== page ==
Episode 21: What does the resilience revolution mean for your business?

Emerge stronger through disruption podcast Podcast, PwC United States April 2023

PwC's Global Crisis and Resilience Survey 2023 explores insights from 2,000 business leaders worldwide. In our latest podcast episode, PwC's Bobbie Ramsden-Knowles and Dave Stainback take a deep dive into the data, how the resilience landscape has changed since our first survey four years ago, and what you can do to transform your organisation so that it thrives – not just survives – during disruption.

Release date: April 2023

Full transcript

Dave Stainback: Hello, everyone, and thanks so much for joining us today for this edition of Emerge Stronger through Disruption. I'm Dave Stainback, Co-Leader of PwC’s Global Centre for Crisis and Resilience and coming to you from our office in PwC Atlanta.

Bobbie Ramsden-Knowles: Hi, Dave. And welcome, everyone. My name's Bobbie Ramsden-Knowles, I'm Co-Leader of PwC's Global Centre for Crisis and Resilience. And I'm coming to you today from our office in London.

Dave: I'm very excited today, Bobbie, as we get to talk about this newly launched PwC Global Crisis and Resilience Survey 2023, our third collection and analysis of data from business leaders worldwide in this space. This year's survey report has been out in the world for a couple of weeks now, and we hope our listeners have had the opportunity to take a look at it.

I've been very lucky to be able to help drive all three iterations of this survey over time, and I absolutely love the evolution that it's taken since 2019. Bobbie, I know this is your first time helping to drive the survey from start to finish. Did you enjoy it?

Bobbie: Yeah, absolutely, Dave. It's been a brilliant experience, I think for a couple of reasons actually. Firstly just getting to work with all of our colleagues across the network. I think at PwC we're really lucky to have a global center focused on this really important subject.

And hearing all the different views in pulling the survey together was just brilliant. And then secondly, just hearing the insights from our clients, you'll see in the report and our readers will see and our listeners.

There are so many common themes coming through, common challenges, but also common views on how we can address these challenges. So it's been a real pleasure to be a part of it this time around.

Dave: I could not agree with you more, Bobbie. So in this episode today, we're going to explore some of the data and insights revealed by about 2,000 business leaders worldwide.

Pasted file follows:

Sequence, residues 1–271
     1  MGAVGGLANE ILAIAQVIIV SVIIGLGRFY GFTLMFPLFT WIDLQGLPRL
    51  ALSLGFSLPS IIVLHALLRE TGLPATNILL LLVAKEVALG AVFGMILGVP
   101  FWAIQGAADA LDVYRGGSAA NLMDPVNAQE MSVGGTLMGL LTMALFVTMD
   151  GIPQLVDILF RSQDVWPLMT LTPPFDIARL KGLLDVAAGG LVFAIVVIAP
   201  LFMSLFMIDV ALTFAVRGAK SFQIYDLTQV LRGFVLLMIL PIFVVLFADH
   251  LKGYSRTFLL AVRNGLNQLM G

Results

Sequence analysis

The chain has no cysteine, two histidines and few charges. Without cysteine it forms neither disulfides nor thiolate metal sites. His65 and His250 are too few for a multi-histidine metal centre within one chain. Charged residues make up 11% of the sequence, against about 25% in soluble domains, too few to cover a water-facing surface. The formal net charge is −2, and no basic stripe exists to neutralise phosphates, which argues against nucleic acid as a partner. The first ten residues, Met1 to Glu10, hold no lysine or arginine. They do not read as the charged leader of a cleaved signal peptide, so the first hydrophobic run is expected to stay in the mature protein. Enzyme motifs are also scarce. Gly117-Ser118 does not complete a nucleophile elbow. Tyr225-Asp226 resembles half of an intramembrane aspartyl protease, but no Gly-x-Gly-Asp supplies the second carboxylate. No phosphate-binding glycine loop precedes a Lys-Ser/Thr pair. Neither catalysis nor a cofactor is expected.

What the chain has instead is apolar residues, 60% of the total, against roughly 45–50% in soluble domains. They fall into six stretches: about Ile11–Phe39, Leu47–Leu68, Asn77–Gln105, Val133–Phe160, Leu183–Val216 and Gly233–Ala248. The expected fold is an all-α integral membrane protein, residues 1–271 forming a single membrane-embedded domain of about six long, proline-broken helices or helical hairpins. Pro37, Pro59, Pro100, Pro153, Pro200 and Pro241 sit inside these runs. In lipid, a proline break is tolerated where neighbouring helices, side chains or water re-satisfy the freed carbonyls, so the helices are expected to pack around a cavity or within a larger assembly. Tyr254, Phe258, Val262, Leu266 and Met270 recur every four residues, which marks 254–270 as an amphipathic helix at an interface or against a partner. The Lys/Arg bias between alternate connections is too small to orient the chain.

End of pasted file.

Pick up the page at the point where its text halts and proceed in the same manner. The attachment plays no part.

Some of the steps those organisations should take, and based on the data and what we've learned working with our clients through this unprecedented era in the corporate world. We're also going to get into the title of the report, “The Resilience Revolution.”

But first, a couple of quick hit thoughts on some of the nuts and bolts of the survey. So we conducted research from September to November of 2022. The survey really targeted global business leaders. We had almost 2,000 responses worldwide across 42 different territories and in 16 different languages. And 41% of our respondents are from the C-suite.

Bobbie: And Dave, that C-suite participation is absolutely key because I think we've seen a real significant uptick this year in responses from the C-suite, which to me really demonstrates resilience is absolutely a C-suite focus right now and will explore that a bit later when we talk about how to build resilience.

But let's move onto, the title of the report. What do we mean by a resilience revolution? It's quite a bold statement.

Dave: Yeah. So first of all, resilience. So we define resilience as the ability of your business to evolve continuously, protect from shocks, while at the same time being able to adapt, create value, and maintain a competitive advantage. So that ability to create value and transform your organisation so that it thrives, not just survives during a disruption, is really what the theme of this whole podcast series is about.

And we'll talk more about how to do that a little bit later. But when we talk with our clients and we see the data and the survey responses from around the world, it's really clear that what we're experiencing is nothing less than really a tectonic shift in the way businesses need to prepare and respond to disruption. So that's the revolution. In today's world, disruption, it's become a given. It's constant. There's a reason that permacrisis was one of the largest dictionaries in the world reigning word of the year. So if we set the pandemic completely aside, you know, businesses are facing external disruptions from geopolitical instability, cybercrime and ransomware, climate change, supply chain challenges.

And frankly, internal disruptions from loads of technology debt, losing waves of employees with institutional knowledge, changing business models... So you can't really tackle resilience as a mid-level compliance programme anymore. It needs to be led from the top.

Bobbie: Absolutely. I think the other question we've also had from people since we published the report is: What are the butterflies all about? Well, the butterfly, as we know, is actually one of the most well-known symbols of transformation.

And I think just building on what you said there, Dave: when you read the survey and you really understand what this is all about, is actually changing your mindset and approach to how you build a resilient organisation.

And if we accept that disruption is here to stay, what we need to think about is: How do you transform your business to be resilient? How do you actually transform it to be able to adapt and be agile to the threats that are going to emerge? And look, that doesn't mean just changing the title of certain teams to reflect that someone is now responsible for resilience. Actual change is needed in the business.